Twitter sues Trump administration for trying to suppress free speech (Details)

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Thursday, Twitter filed a lawsuit against the Trump administration for asking the U.S. Customs and Border Protection to help unmask a rogue Twitter account. The Twitter account, ALT Immigration (@ALT_uscis), claims to be run by a government employee and has been critical of the Trump administration’s citizenship and immigration services.

Immediately after the news broke, the  ALT Immigration account posted a copy of the First Amendment.

The lawsuit states that CBP agents Adam Hoffman and Stephen Caruso sent a summons to Twitter, threatening federal court action if they didn’t turn over all identifying information on the account. The information requested included login information, phone numbers, mailing addresses, and IP addresses. The summons also included a request that the owner of the Twitter account not be notified of the action.

Twitter’s lawsuit against the Trump administration states that the CBP improperly employed an administrative summons, which is only supposed to be used when investigating merchandise that’s being illegally imported into the country.

From Twitter’s lawsuit:

Specifically, on March 14, 2017, they issued and delivered to Twitter an administrative summons (the “CBP Summons”) demanding that Twitter provide them records that would unmask, or likely lead to unmasking, the identity of the person(s) responsible for the @ALT_USCIS account.

According to Twitter, the summons made no accusation of any criminal or civil wrongdoing, which sets a scary precedent for attacking our Constitutional rights.

In these circumstances, Defendants may not compel Twitter to disclose information regarding the real identities of these users without first demonstrating that some criminal or civil offense has been committed, that unmasking the users’ identity is the least restrictive means for investigating that offense, that the demand for this information is not motivated by a desire to suppress free speech, and that the interests of pursuing that investigation outweigh the important First Amendment rights of Twitter and its users. But Defendants have not come close to making any of those showings. And even if Defendants could otherwise demonstrate an appropriate basis for impairing the First Amendment interests of Twitter and its users, they certainly may not do so using the particular investigatory tool employed here—which Congress authorized solely to ensure compliance with federal laws concerning imported merchandise—because it is apparent that whatever investigation Defendants are conducting here does not pertain to imported merchandise.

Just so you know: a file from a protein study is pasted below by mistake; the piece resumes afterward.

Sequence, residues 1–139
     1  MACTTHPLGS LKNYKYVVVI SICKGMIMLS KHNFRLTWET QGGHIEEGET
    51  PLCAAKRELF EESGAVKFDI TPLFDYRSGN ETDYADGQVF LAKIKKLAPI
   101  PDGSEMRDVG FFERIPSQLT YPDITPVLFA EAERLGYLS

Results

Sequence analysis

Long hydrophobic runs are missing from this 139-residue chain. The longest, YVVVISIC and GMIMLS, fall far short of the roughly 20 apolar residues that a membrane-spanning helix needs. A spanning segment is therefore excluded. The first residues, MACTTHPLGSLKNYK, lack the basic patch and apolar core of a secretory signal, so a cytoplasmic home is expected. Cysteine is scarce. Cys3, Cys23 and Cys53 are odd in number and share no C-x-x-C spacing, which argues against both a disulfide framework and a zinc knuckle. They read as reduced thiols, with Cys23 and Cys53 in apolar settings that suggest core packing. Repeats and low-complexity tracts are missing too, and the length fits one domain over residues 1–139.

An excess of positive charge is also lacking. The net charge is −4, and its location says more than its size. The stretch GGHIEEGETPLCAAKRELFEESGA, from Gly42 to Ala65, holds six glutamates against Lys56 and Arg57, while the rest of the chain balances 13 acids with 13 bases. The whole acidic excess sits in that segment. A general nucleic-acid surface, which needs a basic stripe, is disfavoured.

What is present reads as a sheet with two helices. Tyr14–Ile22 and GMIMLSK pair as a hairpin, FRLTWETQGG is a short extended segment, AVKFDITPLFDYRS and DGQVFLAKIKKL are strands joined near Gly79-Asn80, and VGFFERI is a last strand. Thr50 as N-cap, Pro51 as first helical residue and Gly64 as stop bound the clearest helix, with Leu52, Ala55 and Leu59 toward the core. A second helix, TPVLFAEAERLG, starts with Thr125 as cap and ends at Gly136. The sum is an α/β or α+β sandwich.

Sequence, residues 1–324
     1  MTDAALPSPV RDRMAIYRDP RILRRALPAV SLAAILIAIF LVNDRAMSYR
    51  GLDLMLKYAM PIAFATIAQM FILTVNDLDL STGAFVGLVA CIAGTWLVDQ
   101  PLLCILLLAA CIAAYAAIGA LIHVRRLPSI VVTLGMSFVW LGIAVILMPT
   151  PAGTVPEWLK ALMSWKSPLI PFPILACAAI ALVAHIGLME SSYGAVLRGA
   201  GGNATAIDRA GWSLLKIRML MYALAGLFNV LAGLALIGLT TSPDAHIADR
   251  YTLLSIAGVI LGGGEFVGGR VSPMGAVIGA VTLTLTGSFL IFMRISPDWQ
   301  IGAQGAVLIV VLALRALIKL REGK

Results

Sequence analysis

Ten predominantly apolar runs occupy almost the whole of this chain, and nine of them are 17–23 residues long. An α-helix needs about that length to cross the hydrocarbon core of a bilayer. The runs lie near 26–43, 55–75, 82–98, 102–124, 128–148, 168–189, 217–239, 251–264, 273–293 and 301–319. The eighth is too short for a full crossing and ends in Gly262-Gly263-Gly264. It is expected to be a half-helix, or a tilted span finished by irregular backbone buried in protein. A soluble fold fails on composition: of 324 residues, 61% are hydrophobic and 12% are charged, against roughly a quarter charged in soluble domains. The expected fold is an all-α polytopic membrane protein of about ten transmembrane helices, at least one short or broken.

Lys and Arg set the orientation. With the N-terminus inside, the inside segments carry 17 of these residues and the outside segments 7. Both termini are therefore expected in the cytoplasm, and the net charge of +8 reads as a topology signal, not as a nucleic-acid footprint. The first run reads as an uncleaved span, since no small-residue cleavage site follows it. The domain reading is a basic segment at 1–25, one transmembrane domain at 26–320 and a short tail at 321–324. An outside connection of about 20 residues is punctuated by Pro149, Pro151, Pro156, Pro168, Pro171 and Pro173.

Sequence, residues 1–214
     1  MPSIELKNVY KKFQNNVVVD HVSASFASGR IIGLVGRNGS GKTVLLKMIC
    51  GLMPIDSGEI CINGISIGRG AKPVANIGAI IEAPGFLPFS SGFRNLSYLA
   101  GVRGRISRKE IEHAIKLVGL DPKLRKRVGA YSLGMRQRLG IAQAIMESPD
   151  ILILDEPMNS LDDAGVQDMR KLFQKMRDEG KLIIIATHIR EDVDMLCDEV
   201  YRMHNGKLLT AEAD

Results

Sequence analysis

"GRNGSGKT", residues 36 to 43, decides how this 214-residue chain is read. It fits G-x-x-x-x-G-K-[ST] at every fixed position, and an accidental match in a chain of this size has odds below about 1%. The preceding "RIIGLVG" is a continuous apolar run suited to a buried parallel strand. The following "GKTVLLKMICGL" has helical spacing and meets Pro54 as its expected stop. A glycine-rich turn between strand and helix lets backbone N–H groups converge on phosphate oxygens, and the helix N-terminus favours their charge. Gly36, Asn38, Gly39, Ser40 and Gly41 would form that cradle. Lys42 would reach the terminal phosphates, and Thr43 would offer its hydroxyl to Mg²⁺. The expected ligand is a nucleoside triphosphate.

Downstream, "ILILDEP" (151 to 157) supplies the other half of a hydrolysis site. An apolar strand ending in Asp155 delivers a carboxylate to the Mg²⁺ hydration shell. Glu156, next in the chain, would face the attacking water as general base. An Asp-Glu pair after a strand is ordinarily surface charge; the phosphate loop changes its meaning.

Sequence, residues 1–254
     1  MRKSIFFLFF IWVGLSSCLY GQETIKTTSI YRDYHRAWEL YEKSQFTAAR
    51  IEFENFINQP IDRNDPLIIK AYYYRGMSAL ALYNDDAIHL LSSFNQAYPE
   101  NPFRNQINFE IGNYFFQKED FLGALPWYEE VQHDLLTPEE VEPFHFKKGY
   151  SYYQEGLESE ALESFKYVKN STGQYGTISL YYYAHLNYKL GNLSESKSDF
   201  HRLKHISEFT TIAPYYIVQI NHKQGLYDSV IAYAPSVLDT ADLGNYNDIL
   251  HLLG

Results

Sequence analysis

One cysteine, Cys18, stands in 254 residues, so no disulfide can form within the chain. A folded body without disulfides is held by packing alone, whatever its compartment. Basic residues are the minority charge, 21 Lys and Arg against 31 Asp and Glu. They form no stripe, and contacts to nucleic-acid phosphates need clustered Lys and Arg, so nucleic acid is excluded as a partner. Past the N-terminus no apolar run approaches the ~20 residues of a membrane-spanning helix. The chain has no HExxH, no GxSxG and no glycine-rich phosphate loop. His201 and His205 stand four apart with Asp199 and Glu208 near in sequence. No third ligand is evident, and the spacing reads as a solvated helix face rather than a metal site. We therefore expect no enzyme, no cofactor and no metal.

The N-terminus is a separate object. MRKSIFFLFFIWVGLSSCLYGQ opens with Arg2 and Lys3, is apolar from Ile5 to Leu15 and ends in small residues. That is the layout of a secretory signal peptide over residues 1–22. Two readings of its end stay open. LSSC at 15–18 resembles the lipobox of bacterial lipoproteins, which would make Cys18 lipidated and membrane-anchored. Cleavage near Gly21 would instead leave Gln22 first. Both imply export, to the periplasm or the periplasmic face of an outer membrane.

The ALT Immigration account thanked the Trump administration for the improper action because the spotlight quickly grew its presence on Twitter.


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